Toward the end of January, I received an invitation to a press opening for "Manet and the Sea," at the Philadelphia Museum of Art.
The last few years have seen renewed interest in the Weathermen.
Not wanting to curse Charlie Kaufman with too much praise, I'm tempted to say that his nonexistent twin Donald is the best American screenwriter since Preston Sturges.
Courtney Love's new record is called America's Sweetheart. Take that. It's a name that has been used facetiously by the press to describe her.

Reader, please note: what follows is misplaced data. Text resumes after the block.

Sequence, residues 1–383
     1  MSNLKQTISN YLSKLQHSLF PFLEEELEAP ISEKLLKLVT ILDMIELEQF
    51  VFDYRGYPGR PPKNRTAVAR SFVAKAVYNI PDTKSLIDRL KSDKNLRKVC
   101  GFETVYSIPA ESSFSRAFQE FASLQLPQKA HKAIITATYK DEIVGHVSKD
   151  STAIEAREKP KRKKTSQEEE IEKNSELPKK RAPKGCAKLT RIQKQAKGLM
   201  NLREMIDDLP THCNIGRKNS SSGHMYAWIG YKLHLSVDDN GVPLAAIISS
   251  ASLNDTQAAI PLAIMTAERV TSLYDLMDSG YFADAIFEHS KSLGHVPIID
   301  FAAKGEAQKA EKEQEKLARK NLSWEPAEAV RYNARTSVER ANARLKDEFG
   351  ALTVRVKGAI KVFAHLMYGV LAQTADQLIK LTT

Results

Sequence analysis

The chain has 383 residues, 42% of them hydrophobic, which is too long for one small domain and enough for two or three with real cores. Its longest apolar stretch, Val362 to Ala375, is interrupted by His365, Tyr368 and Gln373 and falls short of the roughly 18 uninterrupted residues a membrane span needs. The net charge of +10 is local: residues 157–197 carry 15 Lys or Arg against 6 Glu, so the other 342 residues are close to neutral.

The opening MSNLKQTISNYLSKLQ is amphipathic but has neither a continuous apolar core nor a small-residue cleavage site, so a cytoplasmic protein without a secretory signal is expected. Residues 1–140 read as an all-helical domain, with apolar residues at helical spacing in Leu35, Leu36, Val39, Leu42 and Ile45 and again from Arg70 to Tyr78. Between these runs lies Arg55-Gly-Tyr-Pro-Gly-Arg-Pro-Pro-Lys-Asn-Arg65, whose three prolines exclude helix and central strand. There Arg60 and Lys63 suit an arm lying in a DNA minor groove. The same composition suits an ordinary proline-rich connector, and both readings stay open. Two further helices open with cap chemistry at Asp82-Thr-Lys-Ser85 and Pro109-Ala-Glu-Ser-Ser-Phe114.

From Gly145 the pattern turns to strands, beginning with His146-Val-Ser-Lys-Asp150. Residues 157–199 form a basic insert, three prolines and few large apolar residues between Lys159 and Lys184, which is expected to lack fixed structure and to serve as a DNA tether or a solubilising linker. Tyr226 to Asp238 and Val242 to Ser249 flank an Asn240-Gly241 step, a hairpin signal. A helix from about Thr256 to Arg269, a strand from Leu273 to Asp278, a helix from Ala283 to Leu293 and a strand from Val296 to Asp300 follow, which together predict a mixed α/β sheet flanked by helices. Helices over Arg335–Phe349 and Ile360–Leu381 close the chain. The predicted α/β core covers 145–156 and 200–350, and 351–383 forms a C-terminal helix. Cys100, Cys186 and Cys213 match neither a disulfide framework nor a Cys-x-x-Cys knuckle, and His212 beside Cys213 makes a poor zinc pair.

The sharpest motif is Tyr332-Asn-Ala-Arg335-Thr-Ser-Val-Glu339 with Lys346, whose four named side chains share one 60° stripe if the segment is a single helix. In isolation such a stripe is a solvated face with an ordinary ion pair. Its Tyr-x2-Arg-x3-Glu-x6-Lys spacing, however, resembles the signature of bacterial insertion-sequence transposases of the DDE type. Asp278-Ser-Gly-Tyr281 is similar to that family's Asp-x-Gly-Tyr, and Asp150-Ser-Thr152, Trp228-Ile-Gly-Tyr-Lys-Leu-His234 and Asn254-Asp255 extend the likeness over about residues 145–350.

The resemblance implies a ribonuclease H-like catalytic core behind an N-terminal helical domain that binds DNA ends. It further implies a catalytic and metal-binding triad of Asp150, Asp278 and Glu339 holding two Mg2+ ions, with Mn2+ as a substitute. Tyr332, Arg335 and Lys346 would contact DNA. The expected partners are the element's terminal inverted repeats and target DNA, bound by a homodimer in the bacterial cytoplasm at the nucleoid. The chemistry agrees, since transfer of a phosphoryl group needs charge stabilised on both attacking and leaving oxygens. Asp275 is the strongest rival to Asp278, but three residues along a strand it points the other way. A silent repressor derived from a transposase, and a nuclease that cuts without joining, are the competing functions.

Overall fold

So Mel Gibson has been persecuted all the way to the bank.
My friends had one question for me after I saw Mel Gibson's The Passion of the Christ: Is it anti-Semitic?
Solo theatrical performances are like ads. Everyone claims to hate them but nevertheless finds the good ones irresistible. A good ad acts like a tonic, making a new idea easy to swallow.
Since Miles Davis died on September 28, 1991, the merchandising machine has been in overdrive, pushing repackaged classics (Kind of Blue, Sketches of Spain), niche compilations and
Mel Gibson's movie is a blood libel against the Jewish people.
From the moment when Mel Gibson began promoting The Passion of the Christ--was it only ten years ago?--he has insisted that his goal was to be true to the Gospel text.